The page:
What I did in that case was I said, "You know what? I get paid by people deciding what game to buy based on the screenshots, so I'm going to design to make sure that I have the things that get me paid."

Increasingly, free-to-play games, social games, mobile games, even the DLC and online play that drives consoles today, are good examples of the things we need to start considering to design around.

And so one of the things that I think is an interesting way to think about this is something I call service-oriented design. You're going to get paid in the future not for your client but for the services, and so don't spend all your time engineering a client to some undefined set of future experiences you think you might make out of it. The best way to build a new product might be to build the services first.

So how this might change something -- this is a hypothetical example, or else [Maxis senior VP] Lucy Bradshaw might hit me with a chair! So The Sims is the thought example that I use now to talk about it.

The Sims has three really interesting and discreet audiences: What I would call "dollhousers" -- people who build the fabulous houses that they wish they owned. They have folks who essentially have a virtual relationship with their character. And there are folks who essentially make stuff out of it: Moviemakers.

If you think about each of those current audiences today and what future Sims product we'd want to give them, what the dollhouser wants is not an application on their computer, but they want an application on their phone that I can go take a picture of that chair, and "get that chair in my game for $20," or for some number. And then what I want is I want the ability to express my houses to my friends; I want to be able to build a parade of homes for my particular house, so that I can win the Bathroom of the Year award for my particular category.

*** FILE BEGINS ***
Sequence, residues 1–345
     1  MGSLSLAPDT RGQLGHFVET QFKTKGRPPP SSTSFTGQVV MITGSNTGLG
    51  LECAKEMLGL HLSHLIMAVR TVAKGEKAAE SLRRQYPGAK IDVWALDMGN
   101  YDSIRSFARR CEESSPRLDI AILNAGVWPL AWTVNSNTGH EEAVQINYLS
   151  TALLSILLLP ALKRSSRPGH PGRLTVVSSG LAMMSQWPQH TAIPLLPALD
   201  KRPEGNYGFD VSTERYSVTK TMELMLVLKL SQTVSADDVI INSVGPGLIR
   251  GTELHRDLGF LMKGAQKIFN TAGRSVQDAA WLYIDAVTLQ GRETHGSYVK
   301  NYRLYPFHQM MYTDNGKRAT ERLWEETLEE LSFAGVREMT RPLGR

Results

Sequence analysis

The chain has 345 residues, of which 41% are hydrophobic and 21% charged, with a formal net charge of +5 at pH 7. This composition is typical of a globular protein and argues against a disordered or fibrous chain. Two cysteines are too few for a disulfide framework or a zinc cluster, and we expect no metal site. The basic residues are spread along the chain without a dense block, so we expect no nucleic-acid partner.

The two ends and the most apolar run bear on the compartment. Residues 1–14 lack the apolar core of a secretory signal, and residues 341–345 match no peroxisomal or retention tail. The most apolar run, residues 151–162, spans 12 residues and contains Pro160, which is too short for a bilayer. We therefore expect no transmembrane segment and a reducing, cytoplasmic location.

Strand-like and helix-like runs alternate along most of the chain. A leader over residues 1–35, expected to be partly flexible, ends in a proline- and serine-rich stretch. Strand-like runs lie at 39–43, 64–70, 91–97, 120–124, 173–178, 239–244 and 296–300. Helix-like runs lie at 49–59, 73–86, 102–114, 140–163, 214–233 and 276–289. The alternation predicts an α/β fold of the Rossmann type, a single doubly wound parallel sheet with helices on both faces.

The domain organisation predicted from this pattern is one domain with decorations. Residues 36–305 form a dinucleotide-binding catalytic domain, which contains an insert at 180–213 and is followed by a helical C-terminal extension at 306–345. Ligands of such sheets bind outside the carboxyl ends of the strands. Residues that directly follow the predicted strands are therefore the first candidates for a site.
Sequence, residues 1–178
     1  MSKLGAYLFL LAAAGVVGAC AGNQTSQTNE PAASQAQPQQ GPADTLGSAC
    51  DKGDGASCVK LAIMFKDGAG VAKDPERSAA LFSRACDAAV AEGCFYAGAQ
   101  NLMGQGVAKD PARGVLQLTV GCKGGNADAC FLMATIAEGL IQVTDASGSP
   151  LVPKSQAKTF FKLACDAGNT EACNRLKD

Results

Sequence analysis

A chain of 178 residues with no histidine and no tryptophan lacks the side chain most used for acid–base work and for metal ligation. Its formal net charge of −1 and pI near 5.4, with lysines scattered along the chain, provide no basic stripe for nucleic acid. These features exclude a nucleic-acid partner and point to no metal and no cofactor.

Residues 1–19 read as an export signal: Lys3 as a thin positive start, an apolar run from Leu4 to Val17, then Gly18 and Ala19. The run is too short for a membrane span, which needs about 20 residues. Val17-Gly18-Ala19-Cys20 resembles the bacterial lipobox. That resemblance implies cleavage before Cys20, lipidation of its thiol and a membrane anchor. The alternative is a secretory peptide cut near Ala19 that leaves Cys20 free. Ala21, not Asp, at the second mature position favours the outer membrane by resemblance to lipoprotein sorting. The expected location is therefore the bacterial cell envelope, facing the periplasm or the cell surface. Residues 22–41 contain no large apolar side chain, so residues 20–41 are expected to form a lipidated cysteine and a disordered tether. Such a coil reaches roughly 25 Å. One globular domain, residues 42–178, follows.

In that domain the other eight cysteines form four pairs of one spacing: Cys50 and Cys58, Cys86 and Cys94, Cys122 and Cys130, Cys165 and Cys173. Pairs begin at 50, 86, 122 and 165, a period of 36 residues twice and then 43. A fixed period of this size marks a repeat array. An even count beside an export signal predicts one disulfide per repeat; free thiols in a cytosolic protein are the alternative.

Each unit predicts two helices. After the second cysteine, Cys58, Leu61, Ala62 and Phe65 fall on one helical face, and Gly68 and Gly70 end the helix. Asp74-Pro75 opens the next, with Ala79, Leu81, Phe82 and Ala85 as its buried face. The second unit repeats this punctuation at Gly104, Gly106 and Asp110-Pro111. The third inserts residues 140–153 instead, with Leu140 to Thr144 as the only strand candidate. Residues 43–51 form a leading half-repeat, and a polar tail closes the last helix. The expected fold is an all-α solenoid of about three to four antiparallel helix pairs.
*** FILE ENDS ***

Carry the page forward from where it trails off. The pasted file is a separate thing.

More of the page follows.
That second group -- the virtual character owners, the people who want a relationship -- they want to be able to have a deeper emotional interaction with their characters. What I would give them is the ability to have video chat with their Sims. Now, the Sims speak Simlish -- and I wouldn't change that, by the way -- but that doesn't mean that we can't have something that produces an emotionally evocative experience.

The other thing I want to do is make the Sims a part of your social life, make them a part of your friends circle, and how you do that is you make where your Sims go with you be as interesting as where you go. And so for instance, imagine an application that when I went to Mount Rushmore with my Sims in my phone in my pocket, that it sent a note to all of my Facebook friends with a postcard of the Sims standing in front of Mount Rushmore and the note on the back of what we did there. It's a goofy idea, but for somebody who cares about that character as deeply as one of their other friends, it's a natural kind of thing.

For that last group, you know, the most frustrating thing about using The Sims to make a movie is that unfortunately the Sims do what they want to do. So like in the middle of a perfectly executed scene, they decide to go to the bathroom; it's like, "Uh-oh. Wait a minute." So what movie makers want most of all is the ability to direct the Sims. But if I give them the joystick control to drive the Sims around, they're going to break things, and we're going to have less fun.

So as an example in this case, what I'll do is instead I'll give them the director. Instead of being able to direct the character themselves, I'll give them Martin Scorsese, who can. Now the trick becomes not getting the Sims characters to do what you want, but getting Martin to do what you want. I'm still abstracted in the same way The Sims has used before, but what I've done is I've turned it into a different kind of a problem that fits to the gestalt of what that customer does.

The underlying point there is that by building the service first, you align yourself with how your customers value your product. And chances are you built a client that builds the best possible incarnation of that service, that's going to be the way to build the most compelling project. The Sims is just one example; I would say the social and free-to-play and mobile spaces are probably even more important in those places.


Article Start Page 1 of 4 Next